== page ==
Friday, September 30, 2016

Atmosphere's Carbon Dioxide Passes Key Level

This past month, the world’s longest running carbon dioxide measurement site measured atmospheric carbon dioxide levels to be above 400 parts per million.  While this has happened before, it has never happened in the height of the northern hemisphere summer, when carbon dioxide levels reach a yearly low due to growth of vegetation.

This is a significant milestone, and it is almost certain that no one now living will see levels drop below 400 ppm during their lifetime.  When observations at this site in Hawaii started in the 1950s, the average level of carbon dioxide was 315 ppm.  

Atmospheric carbon dioxide levels at Mauna Loa Hawaii, with clear fluctuation throughout the year
From http://www.esrl.noaa.gov/gmd/obop/mlo/programs/coop/scripps/co2/co2.html, public domain
This carbon dioxide is of course the most prevalent greenhouse gas, as well as the main cause of ocean acidification.  There are some benefits to the current level of carbon dioxide (we likely have postponed the next ice age, for one).  However, clearly continued increase in carbon dioxide levels will continue to change climate, raising sea level while also making it harder for many marine organisms to flourish (due to ocean acidification).  We have reached a point where we need to stop increasing carbon in the atmosphere.

For reference, carbon dioxide hasn't been this high in the atmosphere at any time during Homo sapiens tenure on this planet.  
Carbon Dioxide levels are higher now than at any time in the last 800,000 years, at least.
Credit: Scripps Institution of Oceanography.


Almost all proposed "solutions" to this problem have really been efforts to just decrease how much carbon dioxide we are emitting, rather than removing any carbon dioxide.  This is futile, as almost all human productive activity produces carbon dioxide (even making steel for wind turbines and mining lithium for batteries).  Also, as more of the world electrifies, energy consumption and therefore carbon dioxide emissions will continue to increase from the developing world.  You can hardly blame the people of India and Africa for wanting a standard of living we enjoyed 60 or 70 years ago in the U.S.  This standard of living, currently, is only made possible by fossil fuels.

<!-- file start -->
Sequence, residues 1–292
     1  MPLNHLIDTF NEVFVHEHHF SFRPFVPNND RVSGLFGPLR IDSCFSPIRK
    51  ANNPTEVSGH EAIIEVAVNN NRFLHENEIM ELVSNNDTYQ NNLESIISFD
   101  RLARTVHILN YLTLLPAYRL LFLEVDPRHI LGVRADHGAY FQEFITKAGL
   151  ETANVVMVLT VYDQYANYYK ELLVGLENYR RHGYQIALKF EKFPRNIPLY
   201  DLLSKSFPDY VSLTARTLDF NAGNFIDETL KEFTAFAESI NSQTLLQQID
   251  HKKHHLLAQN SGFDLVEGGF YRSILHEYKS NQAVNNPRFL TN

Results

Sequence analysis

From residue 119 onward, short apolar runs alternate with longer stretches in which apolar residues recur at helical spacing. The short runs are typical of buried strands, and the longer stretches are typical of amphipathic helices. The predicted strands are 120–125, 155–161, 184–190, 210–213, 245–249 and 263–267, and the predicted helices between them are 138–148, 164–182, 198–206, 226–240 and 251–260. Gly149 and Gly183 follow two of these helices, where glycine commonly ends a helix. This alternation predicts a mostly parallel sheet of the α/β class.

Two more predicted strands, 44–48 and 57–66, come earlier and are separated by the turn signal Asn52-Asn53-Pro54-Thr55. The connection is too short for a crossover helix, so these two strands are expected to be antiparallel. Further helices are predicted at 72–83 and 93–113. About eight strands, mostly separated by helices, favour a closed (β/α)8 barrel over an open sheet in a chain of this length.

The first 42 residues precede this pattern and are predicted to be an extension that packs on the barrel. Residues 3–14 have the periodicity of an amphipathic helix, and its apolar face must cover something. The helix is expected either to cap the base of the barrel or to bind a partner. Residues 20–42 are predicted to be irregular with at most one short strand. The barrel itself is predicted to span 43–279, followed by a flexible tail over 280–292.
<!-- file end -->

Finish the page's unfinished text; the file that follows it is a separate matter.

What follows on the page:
So, what is to be done?  We cannot stop using fossil fuels, so are we just stuck with the consequences of our emissions?  The answer is a resounding no.  Fossil fuels, specifically coal, are the compressed and aged products of ancient forests of massive trees, buried before organisms evolved that could readily dissolve lignin in wood. If we could replant reasonable numbers of massive trees, we could begin counteracting this emission of carbon dioxide.  We have calculated that some single trees (for example, the General Grant Sequoia in California) have stored more than a lifetime's emissions of carbon dioxide.  Even if we didn't plant massive trees, planting large numbers of smaller trees on currently dry, barren land would make the land productive and carbon sequestering.  

How is this to be done?  Planting sequoias outside their current range and planting trees in dry, barren areas has been made entirely possible by new technology, called the Groasis Waterboxx.

A schematic cutaway view of the Groasis Waterboxx (from Groasis.com).  Water is collected on the tan lid, funneled through the siphons shown in red to the green reservoir, and slowly released to the roots of the growing tree via the white wick.

The Groasis Waterboxx acts as a self refilling water battery for trees.  It collects condensation and rain water, stores it, and slowly releases it to the roots of a growing tree sapling. The method in which the water is released forms a water column beneath the Waterboxx, inducing the tree to grow deep roots that withstand future periods of drought.  You can see Waterboxx results below.  

Thirteen months' growth of a white teak tree in the desert of Ecuador - truly incredible growth without watering and with the Waterboxx

Three years' growth of a salt cedar (invasive in the U.S.) tree with the Groasis Waterboxx in the Sahara Desert!  These trees had over 88% survival with no watering after planting when the Waterboxx was used.
Image from Groasis.com
Two years' growth of a sequoia from planting with the Waterboxx in central Indiana.  No water was given to this tree after planting with the Waterboxx, even after Waterboxx removal.  The sequoia grew surprisingly well, and could easily be planted throughout the eastern U.S. with the Waterboxx.  

If you live in a part of the U.S. with near average or above average rain (25 or more inches), have you considered planting a sequoia or other large tree on your property?  If you live in an arid part of the country, have you considered enriching your land, providing shade and sequestering carbon dioxide by planting desert-adapted trees.  This is now possible with the Waterboxx.  What is more, trees planted with the Waterboxx can be affordable, bare root trees, enabling large numbers to be planted.  The Waterboxx itself is reusable for up to 10 years.     

Wouldn't it be rewarding to leave your land better than you found it, while taking action on the biggest environmental issue of human history?  

You can find out more about the Waterboxx here at DewHarvest.com

We would love to read your comments below.

1 comment:

  1. You may be qualified for a new government sponsored solar program.
    Click here to find out if you qualify now!

    ReplyDelete